e-Manual for Specimen Gross Examination in Surgical Pathology (4rd Ed)
General Advice on Gross Examination
1. Gross examination requires hands-on practice: The process of gross examination and description is a specialized professional skill obtained through training. It is erroneous to assume that general literacy and rudimentary medical knowledge are sufficient for performing an accurate and revealing gross examination. In-depth knowledge of anatomy, diagnostic pathology, clinical medicine, and patient management are pre-requisites for training. Like all other skills, gross examination requires hands-on practice over a period of time, and can not be professed by reading a manual or book only.
2. Document essential ID information: Gross description is an important form of medico-legal documentation. Information such as the patient's name, medical record number, and specimen designation, though repetitive, should be included in the gross description. The regular practice of including these identifiers in the report helps ensure that the prosector correlates all identifiers and serves as a permanent means of documenting that said correlation is performed. See also Key Elements to Observe.
3. Organize the gross description by specimen components: The components (or parts) of a specimen should be stated and measured before elaborating on morphological findings. Subsequently, description should be organized by each component (or part) in an orderly fashion. A gross description that jumps around among various specimen components makes for an incoherent and incomprehensible report and should be avoided. See also Key Elements to Observe.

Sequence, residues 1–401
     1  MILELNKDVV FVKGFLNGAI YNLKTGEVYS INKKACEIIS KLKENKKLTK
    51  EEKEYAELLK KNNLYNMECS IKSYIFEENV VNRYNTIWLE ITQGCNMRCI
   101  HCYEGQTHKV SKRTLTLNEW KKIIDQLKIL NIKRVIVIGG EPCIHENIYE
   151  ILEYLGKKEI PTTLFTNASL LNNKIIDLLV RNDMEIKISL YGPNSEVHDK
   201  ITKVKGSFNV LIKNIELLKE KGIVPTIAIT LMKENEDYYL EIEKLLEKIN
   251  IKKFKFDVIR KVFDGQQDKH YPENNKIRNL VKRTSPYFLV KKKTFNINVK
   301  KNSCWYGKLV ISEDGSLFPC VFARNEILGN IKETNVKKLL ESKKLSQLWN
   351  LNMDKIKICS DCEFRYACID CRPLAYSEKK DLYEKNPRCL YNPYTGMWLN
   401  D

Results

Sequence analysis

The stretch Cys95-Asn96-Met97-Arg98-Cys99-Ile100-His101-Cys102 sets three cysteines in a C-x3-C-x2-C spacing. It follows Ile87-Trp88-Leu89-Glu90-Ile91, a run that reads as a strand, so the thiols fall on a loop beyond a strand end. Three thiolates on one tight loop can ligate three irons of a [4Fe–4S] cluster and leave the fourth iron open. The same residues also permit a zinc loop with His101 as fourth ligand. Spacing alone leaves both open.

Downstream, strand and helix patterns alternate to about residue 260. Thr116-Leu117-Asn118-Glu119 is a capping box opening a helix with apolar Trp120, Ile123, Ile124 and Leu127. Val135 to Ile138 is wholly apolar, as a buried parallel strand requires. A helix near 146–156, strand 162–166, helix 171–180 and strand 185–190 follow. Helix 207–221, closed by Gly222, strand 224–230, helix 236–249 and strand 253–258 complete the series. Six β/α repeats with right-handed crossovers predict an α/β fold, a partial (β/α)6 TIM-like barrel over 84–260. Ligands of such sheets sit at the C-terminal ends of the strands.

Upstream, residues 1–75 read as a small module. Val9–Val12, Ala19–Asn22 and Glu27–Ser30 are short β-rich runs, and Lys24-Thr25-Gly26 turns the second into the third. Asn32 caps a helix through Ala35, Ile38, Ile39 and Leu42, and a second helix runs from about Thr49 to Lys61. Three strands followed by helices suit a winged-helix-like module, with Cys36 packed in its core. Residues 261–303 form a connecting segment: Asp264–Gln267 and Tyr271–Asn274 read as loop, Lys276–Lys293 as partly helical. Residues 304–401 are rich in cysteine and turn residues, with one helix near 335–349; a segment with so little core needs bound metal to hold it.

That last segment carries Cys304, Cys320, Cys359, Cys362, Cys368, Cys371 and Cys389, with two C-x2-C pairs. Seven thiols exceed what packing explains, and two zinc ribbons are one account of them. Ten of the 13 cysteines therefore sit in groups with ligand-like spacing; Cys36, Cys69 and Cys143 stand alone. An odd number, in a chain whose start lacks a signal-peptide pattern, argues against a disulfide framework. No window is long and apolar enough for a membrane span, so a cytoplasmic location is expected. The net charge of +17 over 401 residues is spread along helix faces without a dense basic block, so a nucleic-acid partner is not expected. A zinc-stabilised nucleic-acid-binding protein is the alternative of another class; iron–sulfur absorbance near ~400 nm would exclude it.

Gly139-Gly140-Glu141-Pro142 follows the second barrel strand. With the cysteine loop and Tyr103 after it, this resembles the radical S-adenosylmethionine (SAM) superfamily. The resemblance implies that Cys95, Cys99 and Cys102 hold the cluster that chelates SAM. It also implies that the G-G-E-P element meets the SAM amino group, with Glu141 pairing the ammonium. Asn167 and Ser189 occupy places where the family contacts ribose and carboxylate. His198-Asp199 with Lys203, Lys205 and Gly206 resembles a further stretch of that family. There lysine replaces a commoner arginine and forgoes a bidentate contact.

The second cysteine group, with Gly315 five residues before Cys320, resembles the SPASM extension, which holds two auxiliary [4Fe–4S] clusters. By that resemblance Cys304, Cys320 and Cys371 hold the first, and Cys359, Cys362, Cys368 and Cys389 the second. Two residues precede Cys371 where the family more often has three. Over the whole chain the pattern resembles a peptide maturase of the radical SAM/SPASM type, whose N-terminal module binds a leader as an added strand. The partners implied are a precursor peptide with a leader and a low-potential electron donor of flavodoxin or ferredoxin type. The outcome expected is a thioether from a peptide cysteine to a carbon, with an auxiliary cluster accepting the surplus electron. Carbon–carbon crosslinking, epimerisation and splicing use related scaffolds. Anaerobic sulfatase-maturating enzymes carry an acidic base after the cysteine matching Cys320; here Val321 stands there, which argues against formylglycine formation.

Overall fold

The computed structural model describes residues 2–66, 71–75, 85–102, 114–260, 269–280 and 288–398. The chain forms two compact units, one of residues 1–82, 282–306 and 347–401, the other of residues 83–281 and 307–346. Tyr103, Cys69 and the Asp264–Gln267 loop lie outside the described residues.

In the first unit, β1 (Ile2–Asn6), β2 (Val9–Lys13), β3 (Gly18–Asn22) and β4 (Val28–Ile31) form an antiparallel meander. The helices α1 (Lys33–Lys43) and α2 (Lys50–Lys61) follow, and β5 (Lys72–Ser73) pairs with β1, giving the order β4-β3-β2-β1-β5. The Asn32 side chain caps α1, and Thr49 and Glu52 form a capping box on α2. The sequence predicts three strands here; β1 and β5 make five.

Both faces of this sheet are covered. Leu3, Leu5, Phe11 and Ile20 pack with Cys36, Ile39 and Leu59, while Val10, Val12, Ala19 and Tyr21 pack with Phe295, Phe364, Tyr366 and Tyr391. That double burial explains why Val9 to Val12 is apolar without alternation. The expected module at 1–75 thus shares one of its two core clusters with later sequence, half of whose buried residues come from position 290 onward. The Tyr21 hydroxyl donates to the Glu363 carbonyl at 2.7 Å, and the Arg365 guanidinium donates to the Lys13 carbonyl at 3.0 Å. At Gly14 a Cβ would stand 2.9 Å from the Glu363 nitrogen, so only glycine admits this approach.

4. Gross description should describe, not diagnose: The purpose of the gross description is to document the macroscopic findings as objectively as possible. Although it is often possible to recognize specific diagnostic entities based on their gross features, it is best to reserve this classification for the microscopic examination. For example, “solid, stellate, white-tan mass” is preferred over “carcinoma” or “cancer”. In addition, although the word “tumor” technically can refer to any mass-like process, it is often considered to be equivalent to “neoplasm”; therefore, some may advocate avoidance of the word “tumor” in a gross description.
5. Use likely differential diagnoses to guide the gross examination (and sampling): Your description and specimen sampling should reflect your differential diagnoses, based on the submitting physician’s opinion or inquiry, clinical history and findings, other laboratory or radiologic studies, and, finally, your macroscopic assessment. Although the general and accepted format should be followed, focus should be given to the important aspects related to clinical scenario.
6. Content and format are more important than style: Individuals may differ in their descriptive styles, but their coverage of key elements of a given specimen type should be relative consistent. These essential elements can be well conveyed by a small group of key words. For example, “vermiform”, “serosal exudate”, and “transmural defect”, are key words used in describing an appendix with appendicitis.
7. Collect essential information required in the final pathology report: The final pathology report includes more than just the diagnosis. For malignant neoplasms, size, grade or degree of differentiation, extent of involvement, (lymphovascular) invasion status, and resection margin status are additional elements which must be reported (see also Key Elements to Observe). In addition, key elements unique for some organs / sites or tumors should also be included. It is very helpful to consult the appropriate cancer reporting template or AJCC staging scheme to find out what data elements are required for a specific specimen prior to starting your gross examination.